This is the final post that was originally written for a site titled Character Boost, which I recently discovered that this site is no longer in operation. I decided to make this post available for my readers in a post linked to the original post. Please enjoy the original guest post as it was submitted to Character Boost a little over six years ago. Thank you for your patience, understanding, and continued support! ~Lorrie
In the previous post, How To Become Your Autism Child's Advocate While MaintainingYouHousehold, we learned about fundraising tips. While you are busy organizing your fundraiser, it is important to keep your family's needs in mind. It takes a lot of preparation to keep everything running smoothly in a family that has a child with Autism Spectrum Disorder. There are many things you have to consider when planning for your child's and your family's daily schedule. I have found that if I follow this checklist, everyone involved is taken care of:
- Make sure that you have a separate schedule for everything related to your child's educational, physical, emotional, and sensory needs. If someone else is helping you to take or pick up your child from his or her school, doctors, therapists or other activities, you will want to keep them apprised of this schedule. I keep mine updated on my phone but, I periodically shake things up by alternating between a dry-erase and printed, color-coded monthly calendar that I keep posted on the refrigerator for everyone else to reference!
- Set aside a regular time to spend with your family. Regardless of the responsibilities you have as an adult, your first priority is as a parent to your child. I have found that if I have arranged a regularly scheduled "family time" for us to play our favorite board games, watch a movie, or enjoy an adventure to one of the local museums, everyone in my family looks forward to it!
- Your spouse needs you to make time for him, or her. The support that I receive from my husband, and the strength from my Lord, motivate me to do what I can for others. I sometimes get so involved in what I am doing, either for our children's school or the local autism support group, I find time has gotten away from me. Please don't let this happen to you, schedule a "date night" for you and your spouse and mark it on the calendar!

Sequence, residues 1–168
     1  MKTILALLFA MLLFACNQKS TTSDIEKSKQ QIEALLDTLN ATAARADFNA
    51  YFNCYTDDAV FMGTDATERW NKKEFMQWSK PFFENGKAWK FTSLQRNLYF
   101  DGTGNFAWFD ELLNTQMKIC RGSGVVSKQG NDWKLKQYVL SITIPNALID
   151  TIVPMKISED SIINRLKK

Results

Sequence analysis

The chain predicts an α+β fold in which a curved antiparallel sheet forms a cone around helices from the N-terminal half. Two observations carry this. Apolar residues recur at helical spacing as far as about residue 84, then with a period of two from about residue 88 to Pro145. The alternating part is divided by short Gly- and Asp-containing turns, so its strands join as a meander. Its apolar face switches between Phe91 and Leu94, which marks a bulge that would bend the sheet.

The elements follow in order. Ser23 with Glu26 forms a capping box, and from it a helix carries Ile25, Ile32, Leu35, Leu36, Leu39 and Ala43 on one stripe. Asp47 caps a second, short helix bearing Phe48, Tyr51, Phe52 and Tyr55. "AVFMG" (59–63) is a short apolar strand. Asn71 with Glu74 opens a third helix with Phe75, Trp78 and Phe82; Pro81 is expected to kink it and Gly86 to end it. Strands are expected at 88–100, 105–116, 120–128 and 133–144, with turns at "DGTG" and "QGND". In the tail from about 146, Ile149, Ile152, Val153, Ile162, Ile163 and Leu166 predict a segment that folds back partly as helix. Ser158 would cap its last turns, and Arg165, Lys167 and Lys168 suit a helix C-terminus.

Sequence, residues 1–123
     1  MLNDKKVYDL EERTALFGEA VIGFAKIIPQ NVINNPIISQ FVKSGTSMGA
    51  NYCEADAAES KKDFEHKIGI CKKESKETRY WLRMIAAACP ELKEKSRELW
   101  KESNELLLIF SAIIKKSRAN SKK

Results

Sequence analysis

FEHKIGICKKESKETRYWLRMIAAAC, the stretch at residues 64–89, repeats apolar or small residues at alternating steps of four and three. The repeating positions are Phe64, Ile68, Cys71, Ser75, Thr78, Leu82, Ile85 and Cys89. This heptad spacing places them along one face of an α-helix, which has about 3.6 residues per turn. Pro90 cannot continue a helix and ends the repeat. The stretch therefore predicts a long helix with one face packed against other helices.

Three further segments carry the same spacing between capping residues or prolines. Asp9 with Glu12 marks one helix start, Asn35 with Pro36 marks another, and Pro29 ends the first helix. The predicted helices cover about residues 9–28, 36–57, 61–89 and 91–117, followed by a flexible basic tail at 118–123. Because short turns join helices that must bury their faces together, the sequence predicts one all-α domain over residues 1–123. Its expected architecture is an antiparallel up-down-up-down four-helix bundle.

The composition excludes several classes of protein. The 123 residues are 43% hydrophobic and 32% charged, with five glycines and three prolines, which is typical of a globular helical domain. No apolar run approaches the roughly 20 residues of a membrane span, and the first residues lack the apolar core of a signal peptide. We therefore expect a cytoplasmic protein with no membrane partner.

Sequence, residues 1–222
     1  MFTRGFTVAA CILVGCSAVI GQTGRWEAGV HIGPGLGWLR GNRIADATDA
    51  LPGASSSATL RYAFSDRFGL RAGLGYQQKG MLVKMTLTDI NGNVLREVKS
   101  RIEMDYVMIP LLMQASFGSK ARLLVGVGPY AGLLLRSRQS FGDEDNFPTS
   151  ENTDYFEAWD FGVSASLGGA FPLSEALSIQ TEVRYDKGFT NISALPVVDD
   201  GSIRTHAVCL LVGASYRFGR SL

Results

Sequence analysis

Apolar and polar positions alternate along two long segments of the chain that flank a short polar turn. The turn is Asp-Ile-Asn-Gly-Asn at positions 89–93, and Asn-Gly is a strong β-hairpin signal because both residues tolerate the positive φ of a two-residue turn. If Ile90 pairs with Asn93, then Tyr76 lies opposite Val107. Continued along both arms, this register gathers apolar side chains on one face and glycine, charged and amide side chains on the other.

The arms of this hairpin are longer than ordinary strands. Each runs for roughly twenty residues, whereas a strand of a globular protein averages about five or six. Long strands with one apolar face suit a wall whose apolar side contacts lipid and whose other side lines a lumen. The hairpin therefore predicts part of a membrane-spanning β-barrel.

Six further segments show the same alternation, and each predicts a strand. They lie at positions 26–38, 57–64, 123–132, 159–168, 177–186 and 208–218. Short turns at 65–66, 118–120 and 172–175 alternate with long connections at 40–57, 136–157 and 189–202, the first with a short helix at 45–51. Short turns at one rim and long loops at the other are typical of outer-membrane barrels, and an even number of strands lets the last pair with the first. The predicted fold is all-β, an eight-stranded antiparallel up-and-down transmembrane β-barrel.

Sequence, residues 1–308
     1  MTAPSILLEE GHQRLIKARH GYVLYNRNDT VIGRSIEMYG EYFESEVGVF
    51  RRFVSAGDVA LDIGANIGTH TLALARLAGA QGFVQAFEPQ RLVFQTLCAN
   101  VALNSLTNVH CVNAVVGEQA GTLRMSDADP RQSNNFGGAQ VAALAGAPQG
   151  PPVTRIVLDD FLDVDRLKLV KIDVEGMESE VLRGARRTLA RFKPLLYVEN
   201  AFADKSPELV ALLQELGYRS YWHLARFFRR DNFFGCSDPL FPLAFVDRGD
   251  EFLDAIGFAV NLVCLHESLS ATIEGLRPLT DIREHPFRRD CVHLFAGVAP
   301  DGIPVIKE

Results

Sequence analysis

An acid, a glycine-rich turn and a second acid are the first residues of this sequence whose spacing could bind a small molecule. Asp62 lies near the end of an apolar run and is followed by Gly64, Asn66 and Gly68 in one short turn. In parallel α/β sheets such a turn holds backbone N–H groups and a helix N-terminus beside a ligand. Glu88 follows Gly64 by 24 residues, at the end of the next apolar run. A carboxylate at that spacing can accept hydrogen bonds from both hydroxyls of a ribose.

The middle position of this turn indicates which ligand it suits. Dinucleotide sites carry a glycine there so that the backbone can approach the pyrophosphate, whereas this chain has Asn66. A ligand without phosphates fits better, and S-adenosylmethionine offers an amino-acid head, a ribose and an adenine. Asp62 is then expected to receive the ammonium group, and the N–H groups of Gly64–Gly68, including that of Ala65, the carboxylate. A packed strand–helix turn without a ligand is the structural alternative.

- Lastly, you need to ask yourself the following..."Got ME time?" I know that you are probably laughing hysterically but, it is crucial to make time for yourself! Everyone needs some individual time for solitude, whether it's just having a designated quiet time once a week or being able to meet a friend for a soda. Making the decision, to take care of yourself, will be well worth every minute!
By following the tips mentioned above, you can advocate on your autism child's behalf while still maintaining a sense of order in your home. Last fall, I started as an apprentice co-leader in my local parent-led support group and then was handed the reins, as the new support group leader, in January 2013. This new advocacy role has helped me to benefit from the social aspect and what I can learn from the other parents while I share what I know with them. I have been so busy lately with April being Autism Awareness Month that I have had to constantly remind myself to not let my various advocacy projects interfere with my responsibilities to my family.
Please join me in celebrating Autism Awareness Month in April and learning more about Autism Spectrum Disorders. The alarming new statistics released by the U.S. Center for Disease Control state that 1 in every 58 children in the United States are being diagnosed with Autism. Are YOU up to the extraordinary challenge of being the one to "Think Differently" to help someone with Autism accomplish better grades in school, achieve a career in a field that interests him or her, or even volunteer to help in childcare at an Autism support group? It will go a long way in making a difference in your community, the families affected by Autism, and in how each of us perceives individuals with Autism Spectrum Disorders. I know from my own experience that I am better for the time that I have spent as Nathan's Mom and working as a Special Education Substitute Teacher.
If you are looking for a support group, there is most likely a local Autism Society of America chapter which can provide a number of ways in which individuals and families can obtain support and share their experiences with others in their communities. Their chapters are an obvious place to turn for encouragement, accurate information, and education. Also, there are support groups on various social sites that you can join, or check out anonymously. Search for those in your area or state then widen your perimeter. If you are, or someone you know might be, interested in reading more about our journey on the Autism Spectrum, please take the time to check out Nathan's Voice.